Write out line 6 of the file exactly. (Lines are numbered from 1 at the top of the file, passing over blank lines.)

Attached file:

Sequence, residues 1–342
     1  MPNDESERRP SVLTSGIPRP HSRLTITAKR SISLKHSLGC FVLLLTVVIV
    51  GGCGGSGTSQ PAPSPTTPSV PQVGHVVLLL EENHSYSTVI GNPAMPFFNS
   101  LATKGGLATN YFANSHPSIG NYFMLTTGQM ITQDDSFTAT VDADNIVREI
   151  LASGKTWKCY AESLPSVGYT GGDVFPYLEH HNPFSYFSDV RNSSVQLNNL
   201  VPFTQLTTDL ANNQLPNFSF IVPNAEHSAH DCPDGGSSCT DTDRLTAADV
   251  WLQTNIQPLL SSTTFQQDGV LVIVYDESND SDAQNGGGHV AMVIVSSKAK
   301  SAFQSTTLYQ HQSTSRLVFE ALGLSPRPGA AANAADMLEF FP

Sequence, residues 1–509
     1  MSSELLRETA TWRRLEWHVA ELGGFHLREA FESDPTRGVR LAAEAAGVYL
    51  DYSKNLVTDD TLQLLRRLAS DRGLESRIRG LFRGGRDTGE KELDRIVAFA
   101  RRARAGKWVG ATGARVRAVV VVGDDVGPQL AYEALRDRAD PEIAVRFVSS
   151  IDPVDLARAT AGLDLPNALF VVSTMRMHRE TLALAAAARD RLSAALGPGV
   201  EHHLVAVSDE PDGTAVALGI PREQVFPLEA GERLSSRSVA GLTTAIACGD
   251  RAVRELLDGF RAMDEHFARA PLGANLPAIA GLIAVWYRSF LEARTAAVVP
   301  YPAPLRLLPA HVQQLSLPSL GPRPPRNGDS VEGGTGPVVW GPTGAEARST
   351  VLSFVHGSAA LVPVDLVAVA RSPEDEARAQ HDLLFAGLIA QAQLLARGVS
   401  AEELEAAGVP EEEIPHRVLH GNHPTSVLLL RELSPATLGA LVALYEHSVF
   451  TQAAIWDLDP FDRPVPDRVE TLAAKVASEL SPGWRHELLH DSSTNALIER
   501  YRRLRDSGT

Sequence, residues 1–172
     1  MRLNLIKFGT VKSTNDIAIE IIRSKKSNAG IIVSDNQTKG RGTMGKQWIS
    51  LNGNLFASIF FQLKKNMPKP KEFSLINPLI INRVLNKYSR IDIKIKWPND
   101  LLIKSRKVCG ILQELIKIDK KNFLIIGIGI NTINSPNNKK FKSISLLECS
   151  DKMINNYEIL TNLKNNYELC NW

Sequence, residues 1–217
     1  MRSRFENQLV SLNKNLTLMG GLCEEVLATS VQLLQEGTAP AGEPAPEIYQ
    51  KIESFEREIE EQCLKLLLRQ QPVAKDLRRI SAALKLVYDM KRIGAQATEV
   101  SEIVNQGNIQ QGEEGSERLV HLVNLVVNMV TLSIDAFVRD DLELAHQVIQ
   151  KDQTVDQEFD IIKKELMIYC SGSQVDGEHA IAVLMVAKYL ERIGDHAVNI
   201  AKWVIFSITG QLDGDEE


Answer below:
   201  VPFTQLTTDL ANNQLPNFSF IVPNAEHSAH DCPDGGSSCT DTDRLTAADV